ONE of Penang’s oldest clanhouses, the Seh Tek Tong Cheah Kongsi will proudly display its rich two-century-old history under a soon-to-commence RM3.5mil restoration project.
Kongsi chairman Cheah Swee Huat said work on the 18-month project would enhance the George Town Unesco World Heritage site and mark a new phase in the Kongsi’s history.
“The land was only purchased in 1828 but the Kongsi was founded in 1810. Construction of this ancestral temple began in 1858 and the building has since been renovated several times.
“We now realise that much of the decorative work undertaken was not true to the clan’s Hokkien origins, hence we are now embarking on this major restoration project to correct and restore the heritage value of this building,” he said during the restoration groundbreaking ceremony recently.
He said the original archway in Armenian Street, which was well over a century old, would be faithfully restored while the administration building would house an interpretation centre and a research archive centre featuring over 500 old documents dating back to the early 1800s.
He said the priceless documents were discovered in an old iron cast safe at the Kongsi recently.
“The discovery was of great significance to the Kongsi as it revealed the social structures of relevant periods in our history. I felt it was important to share these with visitors to the Kongsi,” he said, adding that the interpretation centre would showcase the Kongsi’s rich and unique history in an engaging way.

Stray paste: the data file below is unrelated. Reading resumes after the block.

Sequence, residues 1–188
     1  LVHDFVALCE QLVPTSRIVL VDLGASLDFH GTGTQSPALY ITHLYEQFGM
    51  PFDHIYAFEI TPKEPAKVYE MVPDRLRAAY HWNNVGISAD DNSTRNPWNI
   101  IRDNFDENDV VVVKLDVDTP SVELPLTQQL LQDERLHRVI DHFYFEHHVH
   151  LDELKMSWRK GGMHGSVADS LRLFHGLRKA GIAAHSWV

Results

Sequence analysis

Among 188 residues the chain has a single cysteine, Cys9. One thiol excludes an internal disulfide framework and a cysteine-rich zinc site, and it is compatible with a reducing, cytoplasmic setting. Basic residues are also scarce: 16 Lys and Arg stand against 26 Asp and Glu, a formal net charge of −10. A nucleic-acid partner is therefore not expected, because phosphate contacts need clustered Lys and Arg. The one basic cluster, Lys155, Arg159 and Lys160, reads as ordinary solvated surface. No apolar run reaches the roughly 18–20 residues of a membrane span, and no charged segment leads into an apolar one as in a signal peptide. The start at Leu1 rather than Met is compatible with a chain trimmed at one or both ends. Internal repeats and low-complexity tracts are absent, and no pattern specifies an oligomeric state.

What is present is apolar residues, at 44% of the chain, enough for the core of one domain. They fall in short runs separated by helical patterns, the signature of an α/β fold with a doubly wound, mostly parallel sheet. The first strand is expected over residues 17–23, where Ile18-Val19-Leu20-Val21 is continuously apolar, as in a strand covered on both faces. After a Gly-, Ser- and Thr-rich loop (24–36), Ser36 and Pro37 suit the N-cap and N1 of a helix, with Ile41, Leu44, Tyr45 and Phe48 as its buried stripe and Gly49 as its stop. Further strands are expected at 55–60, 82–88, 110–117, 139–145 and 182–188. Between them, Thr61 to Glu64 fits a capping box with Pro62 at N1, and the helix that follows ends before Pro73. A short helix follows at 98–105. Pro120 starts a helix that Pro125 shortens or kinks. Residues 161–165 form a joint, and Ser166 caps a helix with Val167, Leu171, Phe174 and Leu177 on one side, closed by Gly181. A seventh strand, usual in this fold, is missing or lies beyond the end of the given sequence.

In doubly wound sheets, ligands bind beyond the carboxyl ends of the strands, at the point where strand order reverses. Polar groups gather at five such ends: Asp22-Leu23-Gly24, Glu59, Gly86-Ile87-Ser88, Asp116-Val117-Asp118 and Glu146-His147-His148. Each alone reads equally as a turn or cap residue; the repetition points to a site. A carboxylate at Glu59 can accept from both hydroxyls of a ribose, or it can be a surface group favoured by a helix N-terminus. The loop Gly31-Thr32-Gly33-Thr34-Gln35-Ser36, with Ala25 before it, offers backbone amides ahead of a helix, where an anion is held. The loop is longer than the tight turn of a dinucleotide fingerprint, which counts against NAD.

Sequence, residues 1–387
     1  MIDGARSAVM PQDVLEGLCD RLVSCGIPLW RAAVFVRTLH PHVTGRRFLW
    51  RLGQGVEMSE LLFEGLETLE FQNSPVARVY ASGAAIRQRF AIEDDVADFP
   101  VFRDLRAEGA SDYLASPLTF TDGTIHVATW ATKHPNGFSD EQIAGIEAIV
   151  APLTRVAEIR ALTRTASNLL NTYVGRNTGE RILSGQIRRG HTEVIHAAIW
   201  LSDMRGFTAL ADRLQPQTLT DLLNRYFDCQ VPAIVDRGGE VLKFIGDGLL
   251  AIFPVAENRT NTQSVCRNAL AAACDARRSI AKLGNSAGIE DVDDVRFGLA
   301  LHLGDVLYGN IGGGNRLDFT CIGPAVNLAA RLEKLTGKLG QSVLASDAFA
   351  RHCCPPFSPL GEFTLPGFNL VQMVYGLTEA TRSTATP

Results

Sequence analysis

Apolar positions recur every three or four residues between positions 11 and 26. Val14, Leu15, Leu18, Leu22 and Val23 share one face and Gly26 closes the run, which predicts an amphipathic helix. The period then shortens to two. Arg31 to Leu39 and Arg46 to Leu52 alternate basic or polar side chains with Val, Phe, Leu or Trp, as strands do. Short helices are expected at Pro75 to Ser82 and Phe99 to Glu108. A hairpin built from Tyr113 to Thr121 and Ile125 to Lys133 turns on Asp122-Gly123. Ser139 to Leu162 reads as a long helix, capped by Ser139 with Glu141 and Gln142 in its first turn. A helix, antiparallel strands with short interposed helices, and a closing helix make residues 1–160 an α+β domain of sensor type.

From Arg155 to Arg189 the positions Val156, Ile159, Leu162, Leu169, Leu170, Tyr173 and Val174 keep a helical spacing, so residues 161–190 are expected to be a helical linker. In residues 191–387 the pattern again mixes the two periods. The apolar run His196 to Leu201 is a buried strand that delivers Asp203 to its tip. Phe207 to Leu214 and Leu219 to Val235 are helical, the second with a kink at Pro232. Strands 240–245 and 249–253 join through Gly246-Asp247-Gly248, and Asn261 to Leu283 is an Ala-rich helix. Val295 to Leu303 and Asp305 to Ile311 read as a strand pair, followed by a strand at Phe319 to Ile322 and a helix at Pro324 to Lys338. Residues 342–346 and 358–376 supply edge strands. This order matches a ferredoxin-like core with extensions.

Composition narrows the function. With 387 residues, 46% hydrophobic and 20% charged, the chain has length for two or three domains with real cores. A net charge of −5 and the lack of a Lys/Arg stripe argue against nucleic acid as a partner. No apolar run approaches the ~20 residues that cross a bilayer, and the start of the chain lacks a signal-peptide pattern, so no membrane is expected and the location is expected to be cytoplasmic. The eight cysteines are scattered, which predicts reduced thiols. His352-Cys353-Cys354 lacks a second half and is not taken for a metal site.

Architect and cultural historian Tan Yeow Wooi (pic) , who is working on the restoration of the main temple, said the problems with the previous restoration works were the poor quality timber and tiles used for the roof and floors which had caused leaks and flooding upstairs, using cement instead of lime plaster for the walls and installing roof ornaments and carvings that do not belong.
“Missing details like the original painted ‘brick’ design will be added back and poor quality roof ornaments that are culturally and symbolically inaccurate will be replaced.
“Thus, even though tourists may see and think that the current roof decorations are beautiful, they have to be removed to remain true to history,” he said.
Citing an example, he said the paintings of door guardians need to be removed as they were painted on the side entrances instead of the main door.
He said later additions to the prayer pavilion and porch are partly Straits Eclectic in design and would be retained although they were not part of the original structure.
“The architects in the old days had studied abroad and brought the Straits Eclectic ideas back with them when they worked on the Kongsi building.
Tan spent some three months researching and preparing the dilapidation surveys on the Kongsi.
He said the previous restoration work was done by artisans from the Chuan Chew prefecture.
“Chuan Chew and Cheang Chew are two prefectures in China’s Southern Fujian province.
“The Hokkiens in Penang are mainly from the Cheang Chew prefecture but as the artisans hired were from Chuan Chew, the architectural restoration style was inaccurate.
“It does not mean that just because you get artisans from China, your property will be restored accurately - they still need guidance and instructions based on methodological research into the history of the place,” he said.
He said the Chinese artisans engaged for the Cheah Kongsi this time around were very experienced and have worked on the Han Jiang Ancestral Temple of the Penang Teochew Association in Chulia Street which received the Unesco Asia-Pacific Heritage Conservation Award 2006 and the restoration of the Khoo Kongsi.
The Kongsi was among the grant recipients of Think City Sdn Bhd, a wholly-owned subsidiary of the Federal Government’s investment arm Khazanah Nasional Bhd.
The grant is for urban rejuvenation projects within the George Town World Heritage Site.